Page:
The unit is touted by many as another in a long succession of iPod killers, and it's certainly fair to make the comparison. Our test unit was the white 30GB version, though there's also a black version equipped with a 60GB hard drive. It is solidly constructed, though from our perspective it's not as slick-looking as the Apple stable. Unlike Apple's creations the gigabeat S is also a Windows-only device and thus won't work with a Mac.
Aesthetically, Toshiba has continued the trademark gigabeat styling. There's the 2.5in screen, positioned in portrait rather than landscape orientation, which makes it feel bigger than rival players such as the iPod, though in reality it's exactly the same. The dimensions of the unit are also similar to the iPod video, though it's a little thicker, measuring 59.9mm x 13.2mm x 99.9mm and weighing 127g. Like the gigabeat x60 there's a five-way directional control on the front with volume and track controls on the side. It's also nice to see the return of an on/off switch. Two extra buttons adorn the front: a back button, and the previously mentioned Windows key. Pressing this brings up the Start menu from which you can access all the gigabeat's features. These are: TV, music, pictures, videos, radio and settings.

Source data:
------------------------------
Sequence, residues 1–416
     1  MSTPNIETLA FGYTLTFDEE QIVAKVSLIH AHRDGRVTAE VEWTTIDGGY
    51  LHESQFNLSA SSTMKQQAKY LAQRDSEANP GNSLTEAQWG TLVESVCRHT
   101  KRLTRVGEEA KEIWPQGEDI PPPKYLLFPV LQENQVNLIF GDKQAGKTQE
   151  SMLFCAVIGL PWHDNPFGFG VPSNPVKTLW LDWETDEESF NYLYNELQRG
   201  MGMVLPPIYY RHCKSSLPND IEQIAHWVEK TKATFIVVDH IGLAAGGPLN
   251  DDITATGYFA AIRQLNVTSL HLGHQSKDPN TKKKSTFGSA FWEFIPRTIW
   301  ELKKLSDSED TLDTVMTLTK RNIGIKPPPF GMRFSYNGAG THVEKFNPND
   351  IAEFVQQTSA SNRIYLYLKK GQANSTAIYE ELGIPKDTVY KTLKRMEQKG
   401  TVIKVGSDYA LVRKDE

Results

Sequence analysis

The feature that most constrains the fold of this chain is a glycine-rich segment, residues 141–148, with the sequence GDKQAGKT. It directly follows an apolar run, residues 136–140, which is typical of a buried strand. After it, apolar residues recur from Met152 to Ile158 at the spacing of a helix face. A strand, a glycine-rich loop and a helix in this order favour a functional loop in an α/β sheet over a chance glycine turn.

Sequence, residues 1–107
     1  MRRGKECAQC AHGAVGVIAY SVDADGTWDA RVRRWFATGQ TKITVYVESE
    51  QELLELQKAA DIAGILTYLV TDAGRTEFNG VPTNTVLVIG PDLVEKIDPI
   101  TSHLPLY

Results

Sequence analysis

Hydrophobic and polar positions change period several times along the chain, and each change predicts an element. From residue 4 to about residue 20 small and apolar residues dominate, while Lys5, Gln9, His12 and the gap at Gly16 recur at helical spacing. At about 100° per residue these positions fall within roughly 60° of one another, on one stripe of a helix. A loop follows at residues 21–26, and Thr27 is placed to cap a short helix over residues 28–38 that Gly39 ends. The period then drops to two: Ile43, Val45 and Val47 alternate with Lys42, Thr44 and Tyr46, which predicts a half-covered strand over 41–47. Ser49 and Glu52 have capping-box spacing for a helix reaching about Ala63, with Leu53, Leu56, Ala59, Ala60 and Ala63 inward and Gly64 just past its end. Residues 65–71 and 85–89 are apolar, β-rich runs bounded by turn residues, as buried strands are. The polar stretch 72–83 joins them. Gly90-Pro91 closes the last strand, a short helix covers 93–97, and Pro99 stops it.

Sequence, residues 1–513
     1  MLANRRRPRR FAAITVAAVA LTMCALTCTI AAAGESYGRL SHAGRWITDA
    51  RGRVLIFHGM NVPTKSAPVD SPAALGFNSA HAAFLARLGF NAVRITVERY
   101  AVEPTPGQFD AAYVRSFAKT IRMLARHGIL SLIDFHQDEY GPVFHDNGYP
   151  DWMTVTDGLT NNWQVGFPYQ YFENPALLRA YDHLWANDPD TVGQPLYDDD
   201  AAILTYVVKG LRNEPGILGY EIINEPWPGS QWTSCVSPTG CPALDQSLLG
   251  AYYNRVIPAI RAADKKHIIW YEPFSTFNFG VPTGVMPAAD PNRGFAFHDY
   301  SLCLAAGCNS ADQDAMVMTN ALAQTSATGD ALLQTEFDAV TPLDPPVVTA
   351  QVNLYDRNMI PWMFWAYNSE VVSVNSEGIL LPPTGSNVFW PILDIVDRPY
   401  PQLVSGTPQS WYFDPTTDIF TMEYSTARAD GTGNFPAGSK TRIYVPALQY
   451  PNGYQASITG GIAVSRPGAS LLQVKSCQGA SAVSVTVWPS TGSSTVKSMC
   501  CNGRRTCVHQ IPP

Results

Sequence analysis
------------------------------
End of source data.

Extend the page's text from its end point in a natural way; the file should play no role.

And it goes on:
Unfortunately TV is nowhere near as exciting as it sounds; there's no built-in TV tuner. But, fear not, it's still possible to get your favourite shows onto the gigabeat as WMV files. One option is to use Windows Media Centre and convert the files to WMV for viewing.
Similarly, music is also transferred using Windows Media Player. Previous incarnations of the gigabeat have used simplistic proprietary software, so it's nice to see Toshiba switching to a more integrated solution. We tested the device with Windows Media Player 11 (WMP 11), as this provides the best support. Copying music and videos is as simple as connecting the gigabeat through the USB port, and pressing 'sync' in media player. Windows will then transfer all the files over providing you have them in your media library. The gigabeat supports MP3, WMA (including DRM), WMA lossless and WAV audio formats, and WMV, MPG, AVI or DivX movies (provided you are using WMP 11). Media player even converts high definition content to a format the gigabeat can understand. We copied high definition DivX and 1080p WMV files with no problems whatsoever.